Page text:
Chavers continues Mosquera’s cheer legacy

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Jacob Chavers cheering on the Patriots at Waldrop Stadium on Sep 9, 2022. Photo contributed by Jacob Chavers.

Helen Marlin

As Waldrop’s stands fill up, Jacob Chavers can be seen passionately cheering on the sidelines for the Homewood patriots. Chavers is the only male cheerleader on the squad, but he has endured the same rigorous auditions and practices as his female teammates.

From stunting to sideline cheering to dance routines, Chavers is one of the only two males to ever secure a spot on the Homewood High School Cheerleading Team. 

Chavers is not an amateur cheerleader. He kicked off his cheerleading career with the Homewood Middle School eighth grade team. In addition to school cheerleading, Jacob has also cheered for two years with ACE, a competitive cheer gym in Birmingham. 

Chavers’ family has supported him every step of the way. He says,  “My family loves it; they have supported me ever since I discovered my passion for cheer. Everyone was happy for me when I made cheer.”

Additionally, his Homewood High School teammates have embraced Chavers joining the squad. “The team is wonderful!” Jacob said. “I love everyone on the team.” 

Of all the talents Chavers brings to the team, he likes doing stunts best. Chavers enjoys all aspects of being a cheerleader and would like to continue to pursue ACE cheering when he goes to college.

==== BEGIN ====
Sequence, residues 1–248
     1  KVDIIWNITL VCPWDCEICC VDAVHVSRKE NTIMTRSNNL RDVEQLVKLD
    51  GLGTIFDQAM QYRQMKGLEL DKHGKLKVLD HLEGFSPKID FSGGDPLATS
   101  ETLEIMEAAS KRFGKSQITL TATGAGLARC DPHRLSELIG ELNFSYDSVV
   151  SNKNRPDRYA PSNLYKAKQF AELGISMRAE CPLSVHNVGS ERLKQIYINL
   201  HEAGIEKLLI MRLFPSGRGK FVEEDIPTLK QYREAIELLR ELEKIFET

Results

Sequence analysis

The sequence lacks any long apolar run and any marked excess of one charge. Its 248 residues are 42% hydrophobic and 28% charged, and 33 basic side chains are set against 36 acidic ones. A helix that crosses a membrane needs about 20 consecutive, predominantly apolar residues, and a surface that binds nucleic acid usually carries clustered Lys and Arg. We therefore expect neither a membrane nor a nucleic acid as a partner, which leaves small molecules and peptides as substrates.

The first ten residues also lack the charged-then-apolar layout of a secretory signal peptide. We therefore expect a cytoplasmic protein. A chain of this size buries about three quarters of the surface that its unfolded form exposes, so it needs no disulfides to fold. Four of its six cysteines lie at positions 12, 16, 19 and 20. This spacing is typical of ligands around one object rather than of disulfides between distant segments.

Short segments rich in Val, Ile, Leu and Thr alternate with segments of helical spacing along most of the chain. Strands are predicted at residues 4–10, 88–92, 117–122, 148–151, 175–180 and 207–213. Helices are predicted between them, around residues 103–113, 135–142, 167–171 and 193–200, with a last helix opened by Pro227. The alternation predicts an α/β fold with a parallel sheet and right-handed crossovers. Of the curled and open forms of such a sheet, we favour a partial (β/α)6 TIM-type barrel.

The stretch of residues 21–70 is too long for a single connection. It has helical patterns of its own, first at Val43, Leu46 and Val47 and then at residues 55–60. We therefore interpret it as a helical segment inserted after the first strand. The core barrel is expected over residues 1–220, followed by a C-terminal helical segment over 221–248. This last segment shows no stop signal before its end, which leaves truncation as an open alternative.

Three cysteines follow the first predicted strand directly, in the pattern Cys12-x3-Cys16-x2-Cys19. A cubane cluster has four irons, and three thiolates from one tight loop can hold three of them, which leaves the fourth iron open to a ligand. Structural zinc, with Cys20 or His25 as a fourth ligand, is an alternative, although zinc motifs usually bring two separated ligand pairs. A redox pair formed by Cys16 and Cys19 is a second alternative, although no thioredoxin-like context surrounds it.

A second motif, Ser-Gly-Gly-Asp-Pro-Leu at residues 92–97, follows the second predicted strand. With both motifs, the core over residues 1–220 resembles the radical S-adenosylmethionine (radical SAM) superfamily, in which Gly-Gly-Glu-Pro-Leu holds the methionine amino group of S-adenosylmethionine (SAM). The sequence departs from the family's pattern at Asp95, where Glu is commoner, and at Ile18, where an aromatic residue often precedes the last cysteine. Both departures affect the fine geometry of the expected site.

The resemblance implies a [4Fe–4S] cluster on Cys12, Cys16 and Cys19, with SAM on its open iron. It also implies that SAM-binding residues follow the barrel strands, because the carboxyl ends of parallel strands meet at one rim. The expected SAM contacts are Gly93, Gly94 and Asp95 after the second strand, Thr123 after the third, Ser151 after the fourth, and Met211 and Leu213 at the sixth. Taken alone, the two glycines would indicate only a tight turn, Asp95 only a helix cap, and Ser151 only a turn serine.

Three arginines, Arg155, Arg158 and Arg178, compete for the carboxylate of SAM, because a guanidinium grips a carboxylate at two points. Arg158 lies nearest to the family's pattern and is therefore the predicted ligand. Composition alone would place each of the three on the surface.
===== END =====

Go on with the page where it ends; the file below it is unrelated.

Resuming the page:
When asked if he ever experienced backlash or negativity as a male cheerleader, Jacob says, “There will always be someone who dislikes it. I made it anyway; that is what matters, so it doesn’t really bother me.”

While Chavers has added representation to the team, he is not the first male cheerleader at Homewood High School. That honor lies with Byron Mosquera, the show choir teacher at Homewood High School. 

Byron Mosquera poses with some members of the HHS cheerleading squad in 2007.

Mosquera’s entry into cheerleading was by necessity at first. He needed a PE credit to graduate. As a rising senior, he was given the choice to either take PE For Life or join the cheerleading squad. 

Since Mosquera was a self-taught gymnast and naturally-talented dancer, the decision was easy. Encouraged by his friends who were on the squad, Mosquera auditioned and made it.

Mosquera describes his role on the cheerleading squad as someone who mostly spotted stunts and tumbled. He did not perform most of the traditional sideline cheering routines or dances, but he used his gymnastic skills at games to add a fun element to the squad routines. 

While being the first male cheerleader at Homewood High School might have drawn criticism from his classmates, he too was not deterred by their reaction. 

Mosquera is encouraged to see Jacob continuing the legacy and encourages anyone wanting to try something new to go for it, whether this consists of auditioning for a team or joining an activity. 

Byron Mosquera performs gymnastics at a Homewood High School pep rally in 2007.

If you have a passion for it, do it.  Don’t care what people think because you will miss out on so many opportunities if you are too worried about what people are going to say or think.”

— Byron Mosquera

Chavers and Mosquera followed their passions, allowing them to create great memories of their high school experiences.